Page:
Wesley was writing about this back in 18th Century. He is the great reformer of the Anglican church but his radical practical theology of his time is the foundation to which Methodist have to return if the current trends that are contributing to the decline of the UMC church are to change.

Top three take always from this retreat are:
1. Institute covenant groups as the life blood of your congregation
2. Set membership and leadership expectations and enforce them
3. Return to table fellowship and the Lord’s Supper on a weekly basis

Rev. Dr. Steven Manskar is the Director of Accountable Discipleship – smanskar@gbod.org, 877- 899- 2780. If you are a UMC Pastor struggling with revitalization or church renewal begin by studying the foundations of Wesley’s Movement.

Revitalized for the Journey

Rev. William T Chaney Jr
West Baltimore UMC
5130 Greenwich Ave
Baltimore, MD 21702
410 945 8397

Transforming Evangelism: The Wesleyan Way of Sharing Faith

Dr. F. Douglas Powe, Jr.
Dr. Henry H. “Hal” Knight III

Traditional views of evangelism are often intimidating and push the limits of personal comfort, leaving the job of reaching out to new and searching Christians for the professionals – the clergy of the church. Knight and Powe show how this basic misunderstanding is contrary to John Wesley’s view of evangelism, which he understood as a complete circle. Once one has been evangelized to and welcomed into the faith, part of the transformation of their lives includes Christ’s teaching, which is to help others to become welcomed in the faith.
The key to Wesley’s way of sharing the faith is to relate to others in love, compassion and gratitude for God’s divine grace. Knight and Powe’s explanation of evangelism is steeped in the Wesleyan tradition, exposing how God’s love and grace comes to each of us as we once received it, through the gift of proclamation. A true transformative act of evangelism is R.E.L.A.T.I.O.N.A.L.: Renewal; Enter; Listening; Acceptance; Testimony; Inviting; On-Going; New Beings; Assurance; Live-It. As Christians, we are not to keep the gift we receive through evangelism; we are to live out what we learn in community and study, by inviting others into this grace. Knight and Powe express that evangelism should not be viewed as an ugly word or act that most fear to live out, but as a way for one friend in Christ to welcome another friend in Christ to the faith.

Hot New Book

Divine Nobodies
By Jim Palmer

What does a Hip-Hop artist, Waffle House waitress, tire salesman, and disabled girl have to do with discovering spiritual truth? What if embracing authentic Christianity is a journey of unlearning? Welcome to Jim Palmer’s world!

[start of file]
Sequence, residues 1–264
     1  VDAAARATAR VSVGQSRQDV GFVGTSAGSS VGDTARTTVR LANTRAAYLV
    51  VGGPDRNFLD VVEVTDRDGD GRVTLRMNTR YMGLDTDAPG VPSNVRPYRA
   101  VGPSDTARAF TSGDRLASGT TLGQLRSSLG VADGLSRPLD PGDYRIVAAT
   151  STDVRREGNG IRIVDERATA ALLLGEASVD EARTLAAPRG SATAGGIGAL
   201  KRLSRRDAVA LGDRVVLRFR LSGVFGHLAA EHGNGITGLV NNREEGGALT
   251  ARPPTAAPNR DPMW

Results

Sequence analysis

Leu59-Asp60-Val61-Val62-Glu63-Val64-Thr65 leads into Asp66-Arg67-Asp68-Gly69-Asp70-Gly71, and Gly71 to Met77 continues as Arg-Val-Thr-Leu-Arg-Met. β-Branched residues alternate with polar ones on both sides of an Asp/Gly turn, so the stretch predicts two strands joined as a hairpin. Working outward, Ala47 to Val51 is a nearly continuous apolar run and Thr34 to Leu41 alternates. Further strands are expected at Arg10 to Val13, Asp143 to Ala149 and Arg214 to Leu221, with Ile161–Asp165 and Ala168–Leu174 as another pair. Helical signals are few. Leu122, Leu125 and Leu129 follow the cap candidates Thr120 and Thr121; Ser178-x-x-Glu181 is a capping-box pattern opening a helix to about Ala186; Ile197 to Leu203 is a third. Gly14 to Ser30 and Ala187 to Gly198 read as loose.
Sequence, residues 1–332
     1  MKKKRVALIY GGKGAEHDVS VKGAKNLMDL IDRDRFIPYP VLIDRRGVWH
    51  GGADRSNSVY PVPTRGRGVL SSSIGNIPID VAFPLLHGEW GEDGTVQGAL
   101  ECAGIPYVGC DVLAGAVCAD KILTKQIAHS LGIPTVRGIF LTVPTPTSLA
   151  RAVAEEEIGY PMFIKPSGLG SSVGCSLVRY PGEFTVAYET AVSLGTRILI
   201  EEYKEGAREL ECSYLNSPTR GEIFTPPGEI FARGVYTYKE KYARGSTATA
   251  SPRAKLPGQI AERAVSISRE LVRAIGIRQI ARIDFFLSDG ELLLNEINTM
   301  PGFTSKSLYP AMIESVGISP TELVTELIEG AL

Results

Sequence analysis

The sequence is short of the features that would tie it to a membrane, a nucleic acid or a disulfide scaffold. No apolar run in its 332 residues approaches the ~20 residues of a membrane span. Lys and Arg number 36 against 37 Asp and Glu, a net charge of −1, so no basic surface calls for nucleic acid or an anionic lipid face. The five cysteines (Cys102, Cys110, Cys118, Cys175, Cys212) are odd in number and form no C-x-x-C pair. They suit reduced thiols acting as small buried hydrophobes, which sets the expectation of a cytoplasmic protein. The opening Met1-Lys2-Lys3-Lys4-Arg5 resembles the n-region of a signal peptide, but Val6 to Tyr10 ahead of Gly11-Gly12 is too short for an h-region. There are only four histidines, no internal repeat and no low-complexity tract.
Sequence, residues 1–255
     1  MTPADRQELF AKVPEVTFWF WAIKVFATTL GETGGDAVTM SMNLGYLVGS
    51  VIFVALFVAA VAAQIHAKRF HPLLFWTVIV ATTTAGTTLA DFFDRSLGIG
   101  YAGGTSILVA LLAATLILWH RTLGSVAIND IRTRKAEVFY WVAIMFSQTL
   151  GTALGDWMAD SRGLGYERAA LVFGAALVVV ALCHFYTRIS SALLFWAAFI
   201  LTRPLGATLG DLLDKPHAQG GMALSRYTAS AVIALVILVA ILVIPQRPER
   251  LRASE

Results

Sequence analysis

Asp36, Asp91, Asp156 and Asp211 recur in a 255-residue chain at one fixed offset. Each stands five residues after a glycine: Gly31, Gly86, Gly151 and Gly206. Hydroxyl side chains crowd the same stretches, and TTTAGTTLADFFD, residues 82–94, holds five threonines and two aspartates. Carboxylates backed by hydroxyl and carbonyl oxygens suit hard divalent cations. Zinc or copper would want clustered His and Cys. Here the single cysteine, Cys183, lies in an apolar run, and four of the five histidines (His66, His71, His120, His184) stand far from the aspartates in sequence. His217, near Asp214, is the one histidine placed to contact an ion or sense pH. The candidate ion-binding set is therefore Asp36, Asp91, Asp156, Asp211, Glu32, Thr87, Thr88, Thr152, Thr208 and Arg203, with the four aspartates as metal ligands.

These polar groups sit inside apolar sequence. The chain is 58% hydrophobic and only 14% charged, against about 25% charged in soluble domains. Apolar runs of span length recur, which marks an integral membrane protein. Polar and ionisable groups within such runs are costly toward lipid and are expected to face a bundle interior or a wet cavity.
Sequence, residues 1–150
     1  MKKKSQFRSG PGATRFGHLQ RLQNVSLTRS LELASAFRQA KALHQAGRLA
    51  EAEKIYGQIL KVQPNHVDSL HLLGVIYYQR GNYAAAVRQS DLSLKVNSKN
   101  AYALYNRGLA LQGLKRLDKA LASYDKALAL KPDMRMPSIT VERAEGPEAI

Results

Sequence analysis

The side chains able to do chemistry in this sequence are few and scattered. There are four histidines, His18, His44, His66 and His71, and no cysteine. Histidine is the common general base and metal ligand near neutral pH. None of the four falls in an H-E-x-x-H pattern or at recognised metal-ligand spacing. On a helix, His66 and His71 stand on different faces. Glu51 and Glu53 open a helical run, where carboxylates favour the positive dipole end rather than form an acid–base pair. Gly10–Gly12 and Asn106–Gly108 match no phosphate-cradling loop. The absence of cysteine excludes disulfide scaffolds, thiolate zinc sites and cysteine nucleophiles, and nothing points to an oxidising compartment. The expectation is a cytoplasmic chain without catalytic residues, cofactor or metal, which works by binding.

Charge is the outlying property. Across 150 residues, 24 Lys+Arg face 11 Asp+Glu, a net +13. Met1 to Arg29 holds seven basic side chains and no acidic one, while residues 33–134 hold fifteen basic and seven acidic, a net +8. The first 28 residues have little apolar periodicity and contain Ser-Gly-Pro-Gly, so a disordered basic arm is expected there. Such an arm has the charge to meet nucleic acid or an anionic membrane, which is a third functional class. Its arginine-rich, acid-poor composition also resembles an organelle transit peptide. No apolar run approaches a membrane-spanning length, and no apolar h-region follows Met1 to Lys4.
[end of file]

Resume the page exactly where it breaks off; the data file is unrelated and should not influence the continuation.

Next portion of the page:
Don Miller meets Anne Lamott meets Brian McLaren in this tale of shedding religion and plunging into uncharted depths of knowing God. Jim Palmer, emergent pastor, shares his compelling off-road spiritual journey and the unsuspecting people who became his guides.

“Perhaps God’s reason for wanting me,” writes Palmer, “is much better than my reason for wanting him. Maybe God’s idea of my salvation trumps the version I am too willing to settle for. Seeing I needed a little help to get this, God sent a variety pack of characters to awaken me.” For all those hoping there’s more to God and Christianity than what they’ve heard or experienced, each chapter of Divine Nobodies gives the reader permission and freedom to discover it for themselves. Sometimes comical, other times tragic, at times shocking, always honest; Jim Palmer’s story offers an inspiring and profound glimpse into life with God beyond institutional church and conventional religion.

“I am tempted to say that Jim Palmer could well be the next Donald Miller, but what they have in common, along with an honest spirituality and extraordinary skill as storytellers, is a unique voice . . . Divine Nobodies is a delight to read, and it was good for my soul to read it.”
Author of The Secret Message of Jesus

“You hold in your hands an amazing story of a broken man finding freedom in all the right places-in God’s work in the lives of some extraordinarily ordinary people around him. You will thrill to this delightful blend of gut-wrenching honesty and laugh-out-loud hilarity, and in the end you’ll find God much closer, the body of Christ far bigger and your own journey far clearer than you ever dreamed.”
Author of Authentic Relationships

On the bridge of the Starship Enterprise Captain Picard and Number One can discuss strategy and maneuvers, course headings and evasive maneuvers but nothing happens until the order is given – ENGAGE! The planning is good, strategizing is important, research is necessary but too many people have brilliant ideas but they never engage the process of making it happen. Great ideas with out action are fantasies with no power. Ideas are only powerful when they are partnered with action.

I find that there are a lot of people in the church who have dreams of doing various ministries from serving the homeless to tutoring at risk children and providing shoes for children in Jamaica. I encourage them to write out their vision, pray for guidance, partner with their pastors and build a team to see the dream fulfilled. I will see these same people two to three years later and ask them about their ministry dream. After they get over the shock that I actually remembered, their response usually is,”Pastor I really never began to move on the dream.” What holds people back from engaging their ideas and fulfilling their dreams?

Fear – Fear of success and fear of failure. The unknown cripples and maims people to the point of inertia. Faith overcomes fear. Faith in your unique abilities and special insight. Faith in God who gave you the vision to provide the provisions for success and faith in the power of the idea that you have. (2 Timothy 1:7For God did not give us a spirit of timidity, but a spirit of power, of love and of self-discipline.)